He recalled that a few months before the first summit in Geneva, he and the US President made a statement: “Nuclear war cannot be won and must never be fought; our countries will not seek military superiority”. But that statement was not followed by decisive steps to stop the nuclear arms race.

Extracts (read the whole statement here):

The overall situation in our relations was also causing grave concern. Many thought that relations were sliding back into a Cold War. US Navy ships were entering our territorial waters; the United States had tested a new, highly powerful nuclear weapon. The tensions were aggravated by hostile rhetoric and “spy scandals.”

Meanwhile, the Chernobyl nuclear accident had been a vivid reminder to all of us of the nuclear danger that we faced. I have often said that it divided my life into two parts: before and after Chernobyl. The Soviet leadership unanimously agreed on the need to stop and reverse the nuclear arms race, to get the stalled nuclear disarmament talks off the ground.

We proposed a clear and coherent framework for an agreement: cutting in half all the components of the strategic triad, including a 50-percent reduction in heavy land-based missiles, which the United States viewed from the start as “the most destabilizing.” We were also ready to accept a zero option for intermediate and shorter-range missiles.

I appreciated the fact that President Reagan, during the course of our discussions, spoke out resolutely, and I believe sincerely, in favor of ridding the world of weapons of mass destruction, of all types of nuclear weapons. In this, we found common ground. Experts led by Akhromeyev and Nitze worked overnight and found many points of convergence based on our constructive position.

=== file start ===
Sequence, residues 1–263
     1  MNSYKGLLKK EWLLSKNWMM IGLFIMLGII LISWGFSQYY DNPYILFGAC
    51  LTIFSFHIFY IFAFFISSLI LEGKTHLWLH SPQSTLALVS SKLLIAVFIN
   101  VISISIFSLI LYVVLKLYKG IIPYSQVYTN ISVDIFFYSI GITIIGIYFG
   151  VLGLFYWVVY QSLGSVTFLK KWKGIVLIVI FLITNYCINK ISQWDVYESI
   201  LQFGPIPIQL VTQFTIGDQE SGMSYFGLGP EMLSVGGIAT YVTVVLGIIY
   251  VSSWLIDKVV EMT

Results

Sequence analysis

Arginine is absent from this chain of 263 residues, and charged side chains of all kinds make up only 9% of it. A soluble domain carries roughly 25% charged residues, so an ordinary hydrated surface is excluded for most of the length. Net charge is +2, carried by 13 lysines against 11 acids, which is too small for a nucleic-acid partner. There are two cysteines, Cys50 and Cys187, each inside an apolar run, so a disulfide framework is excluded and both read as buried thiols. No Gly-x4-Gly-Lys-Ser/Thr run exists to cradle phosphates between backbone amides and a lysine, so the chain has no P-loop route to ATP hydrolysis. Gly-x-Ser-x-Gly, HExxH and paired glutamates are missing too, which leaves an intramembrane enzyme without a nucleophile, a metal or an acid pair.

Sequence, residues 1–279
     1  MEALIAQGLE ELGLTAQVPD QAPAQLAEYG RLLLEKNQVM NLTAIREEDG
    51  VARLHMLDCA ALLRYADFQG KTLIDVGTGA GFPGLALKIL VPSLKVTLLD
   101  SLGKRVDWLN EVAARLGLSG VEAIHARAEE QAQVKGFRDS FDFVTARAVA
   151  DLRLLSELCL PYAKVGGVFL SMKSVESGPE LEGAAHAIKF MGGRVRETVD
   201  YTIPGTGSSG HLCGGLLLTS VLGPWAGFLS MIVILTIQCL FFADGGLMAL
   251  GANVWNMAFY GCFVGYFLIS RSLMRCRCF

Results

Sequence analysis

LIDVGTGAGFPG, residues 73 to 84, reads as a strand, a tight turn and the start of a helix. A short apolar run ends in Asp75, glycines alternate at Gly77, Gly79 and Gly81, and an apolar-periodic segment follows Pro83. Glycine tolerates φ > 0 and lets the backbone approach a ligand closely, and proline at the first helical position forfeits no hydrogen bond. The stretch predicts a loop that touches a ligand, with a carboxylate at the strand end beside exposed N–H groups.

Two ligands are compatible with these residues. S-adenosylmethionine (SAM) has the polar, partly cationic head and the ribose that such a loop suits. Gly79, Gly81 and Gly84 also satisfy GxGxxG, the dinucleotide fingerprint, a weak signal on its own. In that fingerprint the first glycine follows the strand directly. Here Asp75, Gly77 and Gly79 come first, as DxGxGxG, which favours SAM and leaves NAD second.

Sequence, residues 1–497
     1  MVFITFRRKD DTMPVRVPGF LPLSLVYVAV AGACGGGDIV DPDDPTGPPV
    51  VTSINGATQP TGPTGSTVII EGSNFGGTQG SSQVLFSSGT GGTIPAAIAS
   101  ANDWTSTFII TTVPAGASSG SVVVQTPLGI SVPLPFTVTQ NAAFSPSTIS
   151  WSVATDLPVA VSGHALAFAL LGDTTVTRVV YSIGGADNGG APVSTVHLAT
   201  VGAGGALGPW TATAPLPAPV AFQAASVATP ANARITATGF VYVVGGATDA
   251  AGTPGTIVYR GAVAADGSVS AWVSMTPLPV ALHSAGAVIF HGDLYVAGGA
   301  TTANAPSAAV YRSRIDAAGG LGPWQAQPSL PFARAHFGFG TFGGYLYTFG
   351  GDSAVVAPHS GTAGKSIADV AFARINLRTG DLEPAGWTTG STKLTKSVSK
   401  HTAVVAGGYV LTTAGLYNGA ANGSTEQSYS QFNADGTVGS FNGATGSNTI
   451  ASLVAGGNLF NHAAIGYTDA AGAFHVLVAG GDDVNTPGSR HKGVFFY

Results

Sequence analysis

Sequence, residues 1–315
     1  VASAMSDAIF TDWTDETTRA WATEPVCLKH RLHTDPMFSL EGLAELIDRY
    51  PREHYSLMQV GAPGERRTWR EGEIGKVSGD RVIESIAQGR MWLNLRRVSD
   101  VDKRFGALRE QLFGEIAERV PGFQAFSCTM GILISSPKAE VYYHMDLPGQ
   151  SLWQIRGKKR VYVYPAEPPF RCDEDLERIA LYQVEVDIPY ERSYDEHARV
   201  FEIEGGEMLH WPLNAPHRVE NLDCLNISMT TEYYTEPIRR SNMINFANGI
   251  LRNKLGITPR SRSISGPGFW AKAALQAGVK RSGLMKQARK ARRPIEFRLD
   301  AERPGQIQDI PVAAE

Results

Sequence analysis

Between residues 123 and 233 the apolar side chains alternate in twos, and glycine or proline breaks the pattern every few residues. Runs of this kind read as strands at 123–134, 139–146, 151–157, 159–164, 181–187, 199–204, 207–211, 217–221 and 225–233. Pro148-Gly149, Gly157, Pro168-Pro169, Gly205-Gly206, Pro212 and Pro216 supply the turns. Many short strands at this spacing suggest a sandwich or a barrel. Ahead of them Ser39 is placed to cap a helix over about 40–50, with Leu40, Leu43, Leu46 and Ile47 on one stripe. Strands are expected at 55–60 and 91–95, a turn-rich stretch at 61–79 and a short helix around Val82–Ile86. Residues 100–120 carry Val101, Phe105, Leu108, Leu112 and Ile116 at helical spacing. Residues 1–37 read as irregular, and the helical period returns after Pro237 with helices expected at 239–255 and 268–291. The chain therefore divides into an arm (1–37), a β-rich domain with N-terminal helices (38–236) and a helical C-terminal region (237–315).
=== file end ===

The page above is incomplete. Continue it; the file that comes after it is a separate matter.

Nevertheless, we were not able to conclude an agreement. President Reagan wanted, not just to continue the SDI program, but to obtain our consent to the deployment of a global missile defense system. I could not agree to that.

The key message in my statement for the press was: “In spite of all the drama, Reykjavik is not a failure – it is a breakthrough. For the first time, we looked over the horizon.” This is the view I still hold today. It was the breakthrough at Reykjavik that set off the process of real reduction of nuclear weapons. The unprecedented agreements we reached with Presidents Reagan and Bush on strategic and medium-range nuclear arms and on tactical weapons have made it possible to reduce the stockpiles and eliminate thousands of nuclear warheads – more than 80 percent of Cold War arsenals, as Russia and the United States reported to the Non-proliferation Treaty Review Conference.